Convention on the Privileges and Immunities of the United Nations
13 February 1946
17 September 1946
Secretary-General of the United Nations
French and English
The Convention on the Privileges and Immunities of the United Nations, passed by the United Nations General Assembly on 13 February 1946 in New York, and sometimes referred to as the New York Convention, defines and specifies numerous issues relating to the status of the United Nations, its assets, and officials, in terms of the privileges and immunities that must be granted to them by its member states. As of February 2015, it has been ratified by 161 of the 193 UN member states.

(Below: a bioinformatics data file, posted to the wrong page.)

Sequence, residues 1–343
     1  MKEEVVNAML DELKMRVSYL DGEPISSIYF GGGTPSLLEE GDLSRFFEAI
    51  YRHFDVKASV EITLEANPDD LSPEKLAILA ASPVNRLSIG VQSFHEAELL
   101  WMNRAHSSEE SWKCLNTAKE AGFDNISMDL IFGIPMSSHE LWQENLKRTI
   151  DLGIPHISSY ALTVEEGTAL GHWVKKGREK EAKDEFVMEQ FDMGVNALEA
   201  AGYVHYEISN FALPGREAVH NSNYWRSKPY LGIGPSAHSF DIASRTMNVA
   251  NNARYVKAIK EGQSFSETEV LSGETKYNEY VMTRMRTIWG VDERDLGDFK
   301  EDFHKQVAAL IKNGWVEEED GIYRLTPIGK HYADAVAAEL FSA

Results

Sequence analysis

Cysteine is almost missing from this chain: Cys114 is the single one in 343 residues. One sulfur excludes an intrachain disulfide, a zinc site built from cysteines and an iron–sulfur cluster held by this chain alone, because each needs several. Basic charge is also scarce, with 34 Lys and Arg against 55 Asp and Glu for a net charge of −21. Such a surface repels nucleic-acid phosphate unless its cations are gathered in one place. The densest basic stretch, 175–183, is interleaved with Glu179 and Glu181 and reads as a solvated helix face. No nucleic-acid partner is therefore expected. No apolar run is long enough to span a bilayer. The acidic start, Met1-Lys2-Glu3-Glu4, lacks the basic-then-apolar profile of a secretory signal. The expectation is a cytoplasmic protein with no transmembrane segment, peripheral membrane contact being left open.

On 21 November 1947, the Convention on Privileges and Immunities of the Specialized Agencies was adopted by GA resolution 179(II) to extend similar privileges to the specialized agencies of the UN. This convention has been ratified by 127 states.
The conventions are in force "with regard to each State which has deposited an instrument of accession with the Secretary-General of the United Nations as from the date of its deposit", i.e. not merely by a state's membership in the UN. Several states, for example the United States of America, have accepted the conventions only with some reservations.